I don’t think I really thought through what being a mum was going to be like. When I found out I was pregnant, I thought this baby was a miracle, an accidental miracle – a person made from myself and the person I love most.
And she is a miracle. She’s a little living thing that I made without even thinking about it. She pulls funny faces, farts really loudly, and makes cute grunt noises whilst being fed.
But parenthood is not what I expected at all. Sure, I knew that newborns were life-consuming but I didn’t realise how much they affect you emotionally, physically and mentally. I also didn’t expect my anxiety to shoot through the roof.
At the beginning I regularly woke up in cold sweats and with a jolt. Though my anxiety has calmed down a little bit now, I become anxious if I haven’t heard her in a while, if I’ve gone through to the bedroom for a rest. I’m apprehensive about trying new things with her. My brain has turned on ‘mum-mode’ and as soon as I hear her stirring I am awake, watching over her, making sure she’s okay.
There’s a lot of pressure that goes along with motherhood too. Pressure to breastfeed. Pressure to bond. I must admit that when she first arrived, after a traumatic birth, there was no instant love. I didn’t hear her first cries and weep because of how happy I was. I didn’t tear up when I saw her face for the first time. I was just glad that the labour was over, that she was out of me at long last. I was glad that she was healthy but that’s about it. I was mostly thinking about my stomach getting stitched back together again.
The worst thing about newborns is their crying. Sometimes small babies cry for absolutely no reason whatsoever. You can make sure they’ve been fed and have a new nappy on, that they are warm enough, that they are entertained, that they are in your arms being rocked – but sometimes nothing will stop their crying. And their crying isn’t like regular crying – it’s a crying that makes their whole body tense up, their face go red, and your ears bleed.
During those bouts of crying, it can be almost impossible to not lose your patience. It feels like the world is ending around you, like her crying is never going to end. Most of the time I barely look at my daughter when she is in this state, because I’m just too annoyed to even look at her face.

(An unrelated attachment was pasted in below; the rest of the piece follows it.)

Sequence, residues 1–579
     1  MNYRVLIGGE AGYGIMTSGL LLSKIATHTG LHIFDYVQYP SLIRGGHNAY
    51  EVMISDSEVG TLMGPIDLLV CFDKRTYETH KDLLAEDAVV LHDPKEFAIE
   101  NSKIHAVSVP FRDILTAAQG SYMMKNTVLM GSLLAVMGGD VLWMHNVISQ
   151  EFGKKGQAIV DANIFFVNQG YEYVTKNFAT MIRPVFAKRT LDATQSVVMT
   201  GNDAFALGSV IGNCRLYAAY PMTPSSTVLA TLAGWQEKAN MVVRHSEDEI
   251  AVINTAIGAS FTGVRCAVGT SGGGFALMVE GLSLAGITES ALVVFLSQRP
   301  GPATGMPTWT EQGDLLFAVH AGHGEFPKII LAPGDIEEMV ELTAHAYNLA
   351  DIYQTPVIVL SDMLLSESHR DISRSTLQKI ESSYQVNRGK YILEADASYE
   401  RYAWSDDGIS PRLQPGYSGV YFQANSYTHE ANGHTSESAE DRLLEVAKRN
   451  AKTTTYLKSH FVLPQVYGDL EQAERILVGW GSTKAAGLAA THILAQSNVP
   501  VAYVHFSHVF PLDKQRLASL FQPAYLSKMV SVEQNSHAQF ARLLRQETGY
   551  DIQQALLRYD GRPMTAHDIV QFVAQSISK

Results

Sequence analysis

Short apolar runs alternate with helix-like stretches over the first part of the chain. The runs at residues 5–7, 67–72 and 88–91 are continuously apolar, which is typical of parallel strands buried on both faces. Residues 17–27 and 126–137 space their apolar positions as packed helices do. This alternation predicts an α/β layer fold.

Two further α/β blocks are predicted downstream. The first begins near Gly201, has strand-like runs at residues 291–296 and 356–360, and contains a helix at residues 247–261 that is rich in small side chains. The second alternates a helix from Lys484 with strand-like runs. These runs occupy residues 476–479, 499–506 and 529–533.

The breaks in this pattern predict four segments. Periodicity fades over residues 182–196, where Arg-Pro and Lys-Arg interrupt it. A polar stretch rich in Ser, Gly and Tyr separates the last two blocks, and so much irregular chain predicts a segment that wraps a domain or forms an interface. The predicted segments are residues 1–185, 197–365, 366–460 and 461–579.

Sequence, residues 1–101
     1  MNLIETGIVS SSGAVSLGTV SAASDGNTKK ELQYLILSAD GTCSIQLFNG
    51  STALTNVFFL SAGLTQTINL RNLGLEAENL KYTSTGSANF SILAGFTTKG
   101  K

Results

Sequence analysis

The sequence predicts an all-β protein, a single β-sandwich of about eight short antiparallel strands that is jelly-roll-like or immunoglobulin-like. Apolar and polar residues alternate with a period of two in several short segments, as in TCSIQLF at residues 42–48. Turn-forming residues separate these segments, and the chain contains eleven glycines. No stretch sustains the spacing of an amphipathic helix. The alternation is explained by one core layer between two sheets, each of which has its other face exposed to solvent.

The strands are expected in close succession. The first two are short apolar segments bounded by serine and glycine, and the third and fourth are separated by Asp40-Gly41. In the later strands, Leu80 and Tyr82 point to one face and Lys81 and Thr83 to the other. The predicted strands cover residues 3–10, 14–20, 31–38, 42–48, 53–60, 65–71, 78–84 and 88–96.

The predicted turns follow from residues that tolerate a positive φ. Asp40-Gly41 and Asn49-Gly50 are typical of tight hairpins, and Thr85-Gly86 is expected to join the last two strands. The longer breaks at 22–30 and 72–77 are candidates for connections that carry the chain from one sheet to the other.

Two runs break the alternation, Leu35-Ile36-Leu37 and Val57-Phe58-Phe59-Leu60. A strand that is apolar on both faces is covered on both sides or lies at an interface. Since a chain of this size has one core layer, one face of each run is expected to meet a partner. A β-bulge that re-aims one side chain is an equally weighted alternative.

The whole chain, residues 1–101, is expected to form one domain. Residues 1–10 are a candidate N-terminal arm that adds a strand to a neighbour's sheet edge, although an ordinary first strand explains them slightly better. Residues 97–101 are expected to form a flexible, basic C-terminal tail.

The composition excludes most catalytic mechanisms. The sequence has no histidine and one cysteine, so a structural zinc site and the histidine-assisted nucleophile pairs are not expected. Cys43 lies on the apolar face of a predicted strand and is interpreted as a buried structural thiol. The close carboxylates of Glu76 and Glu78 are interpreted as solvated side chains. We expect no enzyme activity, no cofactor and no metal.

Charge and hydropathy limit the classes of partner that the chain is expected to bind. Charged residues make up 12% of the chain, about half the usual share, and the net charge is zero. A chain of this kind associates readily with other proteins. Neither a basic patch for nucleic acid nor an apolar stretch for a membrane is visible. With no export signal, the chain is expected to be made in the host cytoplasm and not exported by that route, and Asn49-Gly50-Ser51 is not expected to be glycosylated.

But then there are those little moments, those moments that thankfully occur more and more as times goes on, as the baby grows – those times of joy. When she looks at you and actually focuses on your face. When she sees you and her eyes light up. When she smiles and gets close to actual laughter. They’re magical moments. They are the rewards for those shitty nights of no sleep, the relentless crying, the cracked nipples from constant breastfeeding.
I’m not sure if I’ll ever really be able to describe what parenthood is really like. I’ve had moments when I had wished I was dead, when I thought my identity was lost, when I thought I was the worst kind of person to be raising a child. But I’ve also had moments when I’ve missed her so much, even though she’s sleeping in her Moses basket beside me. I often remember just how much I love her, because of all the sacrifices I’m already making, for my need and want to put her needs and wants before mine.
It’s a blur, a whirlwind of an experience. I’m trying to remember as much as I can because I’m not sure if I would or could do this again. I’m documenting this experience as much as possible, through endless photos and a couple of diary entries.
I know that this time of our lives, however long the days may seem, will go by so quickly. It already is.
Motherhood is a choice you make everyday, to put someone else’s happiness and well-being ahead of your own, to teach the hard lessons, to do the right thing even when you’re not sure what the right thing is… and to forgive yourself, over and over again, for doing everything wrong.
– Donna Ball